Djokovic ‘misunderstood’ as Nadal relationship compared to Federer

We use your sign-up to provide content in ways you’ve consented to and to improve our understanding of you. This may include adverts from us and 3rd parties based on our understanding. You can unsubscribe at any time. More info

A former pro has claimed that Novak Djokovic is often “misunderstood” by fans following the Serb’s run to a historic 10th Australian Open title. Alex Corretja also discussed the world No 1’s relationship with Rafael Nadal, comparing it to the Spaniard’s friendship with Roger Federer as he admitted the world No 6 likely wouldn’t be as close with Djokovic.

Djokovic recently matched Nadal’s men’s singles Grand Slam record by winning his 22nd Major at the Australian Open. The world No 1 was said to be carrying a three-centimetre hamstring tear during his run to the title and dealt with some added pressure in what was his return to the tournament after being deported from the country last year, while his dad became embroiled in controversy after being caught in a video with pro-Putin protesters.

It left the 35-year-old splitting opinion once again, with some questioning why he would play injured or whether the injury was fake while others lauded his ability to win a Major while physically hindered. But he has now been defended by retired pro Corretja, who claimed that the Serb was just “misunderstood” and could see how much his historic 10th Aussie Open crowd meant.

“Look how Djokovic celebrated the other day and how he hugged his family and especially his brother and his mother,” the former world No 2 told Cadena SER. “When he hugs his brother, he feels that harmony that works with Pepe Imaz and at that moment Djokovic feels that this work is not in vain.”

JUST IN: Djokovic’s ex-coach shoots down suspicions around Serb after Aus Open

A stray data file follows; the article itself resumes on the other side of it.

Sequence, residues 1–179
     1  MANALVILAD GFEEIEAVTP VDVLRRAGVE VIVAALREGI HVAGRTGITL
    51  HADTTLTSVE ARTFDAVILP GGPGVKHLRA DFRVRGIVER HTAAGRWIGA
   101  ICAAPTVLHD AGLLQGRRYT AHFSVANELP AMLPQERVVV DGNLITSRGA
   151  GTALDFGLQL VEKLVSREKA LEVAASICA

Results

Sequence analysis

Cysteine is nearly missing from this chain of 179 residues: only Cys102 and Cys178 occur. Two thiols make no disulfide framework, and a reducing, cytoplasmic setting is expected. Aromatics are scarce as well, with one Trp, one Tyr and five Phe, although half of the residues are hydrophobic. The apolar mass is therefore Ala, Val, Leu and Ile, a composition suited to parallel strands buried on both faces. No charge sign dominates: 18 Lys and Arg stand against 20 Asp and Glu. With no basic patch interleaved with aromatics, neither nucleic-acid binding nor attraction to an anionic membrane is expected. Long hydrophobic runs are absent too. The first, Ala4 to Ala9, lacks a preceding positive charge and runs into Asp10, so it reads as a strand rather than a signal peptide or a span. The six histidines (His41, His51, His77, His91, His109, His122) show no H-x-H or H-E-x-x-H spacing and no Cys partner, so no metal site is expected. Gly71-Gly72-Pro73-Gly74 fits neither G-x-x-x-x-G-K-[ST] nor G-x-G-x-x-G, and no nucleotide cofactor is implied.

Corretja was referencing Sunday’s emotional scenes which saw Djokovic sob in his mum and brother’s arms before he laid down on the floor of his player box and continued to cry as his team surrounded him. And the Spanish pro-turned-pundit said the outburst was a release of the stressful positions he had found himself in throughout his career, defending the world No 1 from his critics.

He continued: “That hug to his brother is the accumulation of managing many situations for years. What Djokovic transmits is pure passion for everything he does. I think that Djokovic has been misunderstood many times, he has a very big soul, beyond his things and his ideals, which he has maintained and respected without deceiving anyone, he has always been very sincere.”

The two-time French Open finalist also discussed his perception of Djokovic’s relationship with Nadal after the 35-year-old tied his rival’s Grand Slam record. While Corretja thought they got along and had an understood mutual respect, he admitted that they would likely never have a bond as close as the world No 6 has with Federer. “I think that Nadal and Djokovic have a respectful relationship but I don’t see them going to dinner together to discuss situations,” he explained.

Ukrainian tennis star urges Olympics to ban Russian athletes in plea
Serena Williams refuses to acknowledge retirement again in return hint
Inside the rise of Ben Shelton as US tennis’ hot new prospect emerges

“In tennis, everyone is very closed to their team. The same thing happened to us, they are different habits, you have different schedules, another way of being… Just as Federer and Nadal had a rivalry but turned it into something closer, Djokovic and Nadal have been on opposite paths at the level of ideals and sharing things with the fans.”

Discussing Nadal and Djokovic’s admiration for one another, he added: “I think they both have a very deep vision of the sport, they have given everything. We are talking about one of the greatest rivalries in sports history. I don’t know if it’s so easy to be the best friend of someone with whom you risk so many things.” And Corretja also drew on his own experience from his playing days during his rivalry with Carlos Moya, who is now Nadal’s coach.

“Moya and I were great friends, he beat me in the Roland Garros final and I beat him in the Masters final,” he continued. “Unintentionally, there comes a time when you stop giving clues because you don’t want to make it easier for the other if you have concerns and you stop being so close… Well, imagine what happens with Rafa and Novak. They respect each other, I don’t think they have a friendship of sending each other whatsapps, something that Roger and Rafa did, they were more relaxed. The most important thing of all is that there is mutual respect.”

Source: Read Full Article